Wednesday, January 5, 2011

From the Ninth Circuit: Giving CDs Away for Free Is a "Sale," But Selling Software for Money Isn't a "Sale"

While the title of this post perhaps gives away the answer, I thought I'd start the post with this quiz.  Which of the following is a "sale" of the goods involved?

A.  A record company gives promotional CDs away for free, with no right to get the CDs back once the recipient is done with them. 
B.  A software company sells software for money, with no right to get the software back once the buyer is done with the software. 

If you thought that "B" was a sale and "A" was not a sale, you're not alone (based on the unscientific home survey I did last night).  But based on two cases from the Ninth Circuit, you have it completely backwards.

The first case, decided in September 2010, was Vernor v. Autodesk.  The case involved Autodesk's sale of computer software; the Ninth Circuit opinion was the inspiration for my starting this blog.  My post on Autodesk was entitled, "The Ninth Circuit on first sale: "'If it looks like a duck, and quacks like a duck, and flies like a duck . . . it's a CHICKEN!'" Read that post for the background of the "first sale" doctrine, which in summary says that once a copyright owner sells a physical copy of a work, the buyer can resell the physical copy without implicating the copyright laws.  In Autodesk, the Ninth Circuit held that certain restrictions in Autodesk's end user agreements meant that even though its customers bought copies of the software for a one time fee and got permanent possession of the software (that is, Autodesk had no right to regain possession of the copies), the transaction was a license, not a sale, and the "first sale" doctrine didn't apply.  I commented that putting a "license" label on the transaction, which Autodesk did, didn't make the economic realities of the transaction a license instead of a sale, any more than calling a duck a "chicken" makes it a chicken.

Two other cases were argued before the Ninth Circuit the same day as Autodesk.  One of them, MDY v. Blizzard, was decided in December and only peripherally involves the first sale doctrine.  The other one, UMG v. Augusto, was decided yesterday.

Augusto involved UMG's distribution of promotional CD's.  UMG would give the CD's to disc jockeys and the like for marketing purposes.  UMG did not charge money for the CD's and gave them away unsolicited.  UMG marked the discs either "Promotional Use Only--Not for Sale" or with a promotional statement saying that the transaction was a license.  Augusto obtained copies of the CD's and tried to sell them on eBay; the lawsuit ensued.

Well, if the transaction in Autodesk wasn't a sale because Autodesk sold its software under a "license" agreement, then surely UMG's giving CD's away for free under a license agreement can't be a "sale" either, right?  In other words, the UMG CD's are even more of a "chicken" than the Autodesk software.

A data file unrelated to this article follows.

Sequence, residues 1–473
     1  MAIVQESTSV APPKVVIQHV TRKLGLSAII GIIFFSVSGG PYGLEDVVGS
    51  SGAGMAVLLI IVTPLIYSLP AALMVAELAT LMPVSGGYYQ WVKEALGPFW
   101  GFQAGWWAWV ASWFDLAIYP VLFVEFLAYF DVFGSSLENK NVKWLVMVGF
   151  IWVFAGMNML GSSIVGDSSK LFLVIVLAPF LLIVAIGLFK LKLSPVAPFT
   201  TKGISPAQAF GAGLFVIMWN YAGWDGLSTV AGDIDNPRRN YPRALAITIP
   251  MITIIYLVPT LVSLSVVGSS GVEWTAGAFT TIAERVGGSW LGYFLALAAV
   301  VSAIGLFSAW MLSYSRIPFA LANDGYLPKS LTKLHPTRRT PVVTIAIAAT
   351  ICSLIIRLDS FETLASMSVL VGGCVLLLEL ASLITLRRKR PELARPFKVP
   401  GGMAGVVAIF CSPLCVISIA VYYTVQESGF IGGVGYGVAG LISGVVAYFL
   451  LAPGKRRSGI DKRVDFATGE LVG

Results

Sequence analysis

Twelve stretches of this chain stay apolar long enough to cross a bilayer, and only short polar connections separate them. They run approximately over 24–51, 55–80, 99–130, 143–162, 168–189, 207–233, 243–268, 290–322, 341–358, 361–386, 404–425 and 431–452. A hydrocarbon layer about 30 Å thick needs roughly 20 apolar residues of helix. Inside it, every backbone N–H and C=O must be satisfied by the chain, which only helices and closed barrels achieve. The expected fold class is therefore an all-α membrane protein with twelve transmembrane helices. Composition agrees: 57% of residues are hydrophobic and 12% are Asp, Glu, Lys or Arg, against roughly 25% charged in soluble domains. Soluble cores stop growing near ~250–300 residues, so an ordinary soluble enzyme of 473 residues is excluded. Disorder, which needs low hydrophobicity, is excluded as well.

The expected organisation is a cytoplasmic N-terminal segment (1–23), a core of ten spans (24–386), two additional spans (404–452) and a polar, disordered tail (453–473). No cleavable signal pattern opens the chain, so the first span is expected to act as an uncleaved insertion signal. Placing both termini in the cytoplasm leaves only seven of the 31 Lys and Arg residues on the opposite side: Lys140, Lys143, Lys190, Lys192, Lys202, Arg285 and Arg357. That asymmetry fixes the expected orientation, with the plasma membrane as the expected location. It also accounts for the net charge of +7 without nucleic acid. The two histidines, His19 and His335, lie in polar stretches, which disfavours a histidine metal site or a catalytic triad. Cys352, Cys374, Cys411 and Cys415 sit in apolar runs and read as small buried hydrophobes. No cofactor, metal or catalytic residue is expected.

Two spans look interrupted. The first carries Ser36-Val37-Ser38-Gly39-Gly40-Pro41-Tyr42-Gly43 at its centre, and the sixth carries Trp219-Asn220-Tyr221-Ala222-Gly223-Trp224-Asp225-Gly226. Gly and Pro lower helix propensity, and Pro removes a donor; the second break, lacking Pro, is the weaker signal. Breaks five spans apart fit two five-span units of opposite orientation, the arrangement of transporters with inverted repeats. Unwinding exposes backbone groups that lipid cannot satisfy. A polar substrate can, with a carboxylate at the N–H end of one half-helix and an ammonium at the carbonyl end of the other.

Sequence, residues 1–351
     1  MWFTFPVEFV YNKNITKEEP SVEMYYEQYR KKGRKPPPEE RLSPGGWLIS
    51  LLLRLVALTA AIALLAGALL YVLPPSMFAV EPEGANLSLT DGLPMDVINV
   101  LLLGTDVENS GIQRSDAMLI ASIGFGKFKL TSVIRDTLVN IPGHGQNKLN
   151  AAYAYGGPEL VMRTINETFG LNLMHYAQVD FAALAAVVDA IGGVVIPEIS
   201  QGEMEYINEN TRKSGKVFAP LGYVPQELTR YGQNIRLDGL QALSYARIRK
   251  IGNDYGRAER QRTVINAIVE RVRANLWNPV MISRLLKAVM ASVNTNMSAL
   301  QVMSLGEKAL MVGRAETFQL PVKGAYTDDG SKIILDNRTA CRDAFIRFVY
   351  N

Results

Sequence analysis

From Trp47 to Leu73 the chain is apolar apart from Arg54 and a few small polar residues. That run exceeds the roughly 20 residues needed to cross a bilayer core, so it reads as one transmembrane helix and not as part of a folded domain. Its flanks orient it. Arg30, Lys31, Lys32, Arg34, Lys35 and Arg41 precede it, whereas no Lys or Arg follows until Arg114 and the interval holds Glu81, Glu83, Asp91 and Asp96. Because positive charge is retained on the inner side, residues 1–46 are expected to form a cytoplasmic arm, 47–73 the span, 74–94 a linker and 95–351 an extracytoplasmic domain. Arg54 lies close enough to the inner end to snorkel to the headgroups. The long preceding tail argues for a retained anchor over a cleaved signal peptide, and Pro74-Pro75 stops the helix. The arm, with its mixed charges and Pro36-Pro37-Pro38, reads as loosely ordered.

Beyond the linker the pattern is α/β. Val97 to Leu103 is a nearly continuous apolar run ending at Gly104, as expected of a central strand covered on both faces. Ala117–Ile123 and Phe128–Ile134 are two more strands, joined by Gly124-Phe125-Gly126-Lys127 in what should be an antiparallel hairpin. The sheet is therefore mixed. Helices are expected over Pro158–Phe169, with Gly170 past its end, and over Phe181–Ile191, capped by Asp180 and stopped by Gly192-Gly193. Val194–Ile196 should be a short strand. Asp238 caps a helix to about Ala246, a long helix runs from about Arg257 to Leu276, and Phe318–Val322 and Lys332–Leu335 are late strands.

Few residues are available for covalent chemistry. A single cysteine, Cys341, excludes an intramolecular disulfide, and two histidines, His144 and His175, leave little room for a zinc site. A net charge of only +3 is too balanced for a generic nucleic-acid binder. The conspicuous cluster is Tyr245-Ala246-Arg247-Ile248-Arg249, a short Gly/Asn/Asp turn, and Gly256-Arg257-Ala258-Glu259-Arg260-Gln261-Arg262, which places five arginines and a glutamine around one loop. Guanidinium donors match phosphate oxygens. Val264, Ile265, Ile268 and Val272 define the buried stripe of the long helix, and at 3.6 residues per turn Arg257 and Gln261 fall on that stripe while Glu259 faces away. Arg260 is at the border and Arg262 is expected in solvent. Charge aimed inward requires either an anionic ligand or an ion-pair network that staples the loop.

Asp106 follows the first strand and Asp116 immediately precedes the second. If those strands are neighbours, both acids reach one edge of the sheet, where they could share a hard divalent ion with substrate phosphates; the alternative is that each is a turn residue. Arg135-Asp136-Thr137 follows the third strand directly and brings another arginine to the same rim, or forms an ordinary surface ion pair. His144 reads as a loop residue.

Not according to the Ninth Circuit, which ruled in favor of Augusto under the first sale doctrine (and also a Postal Act statute on unordered merchandise).  The Court stated:

We conclude that, under all the circumstances of the CDs’ distribution, the recipients were entitled to use or dispose of them in any manner they saw fit, and UMG did not enter a license agreement for the CDs with the recipients. Accordingly, UMG transferred title to the articular copies of its promotional CDs and cannot maintain an infringement action against Augusto for his subsequent sale of those copies.
. . .
It is one thing to say, as the [promotional] statement does, that “acceptance” of the CD constitutes an agreement to a license and its restrictions, but it is quite another to maintain that “acceptance” may be assumed when the recipient makes no response at all. This record reflects no responses. Even when the evidence is viewed in the light most favorable to UMG, it does not show that any recipients agreed to enter into a license agreement with UMG when they received the CDs.  Because the record here is devoid of any indication that the recipients agreed to a license, there is no evidence to support a conclusion that licenses were established under the terms of the promotional statement.

It's hard to disagree with any of this.  Except, of course, that most of the above applies equally to the software sales in Autodesk.  About the only difference is that buyers of mass-marketed software find when they open a shrink-wrapped package that there is a "license" agreement inside.  But otherwise, software buyers can dispose of the software as they see fit, and don't make a "response" to a shrink-wrapped license.

The Ninth Circuit says that software is different, though, to explain the different result in the two cases.  Its Augusto opinion says that its Autodesk "formulation, however, applies in terms to software users," and not to UMG's customers.  At least one problem with this is that the first sale statute itself makes no distinction between software and other works of authorship. 

Perhaps the Ninth Circuit will rehear Autodesk en banc, or perhaps the Supreme Court will review one of these cases.  In the meantime, it's hard to tell the ducks apart from the chickens in that Circuit.

Here is additional commentary by the EFF, Eric Goldman, and Techdirt.

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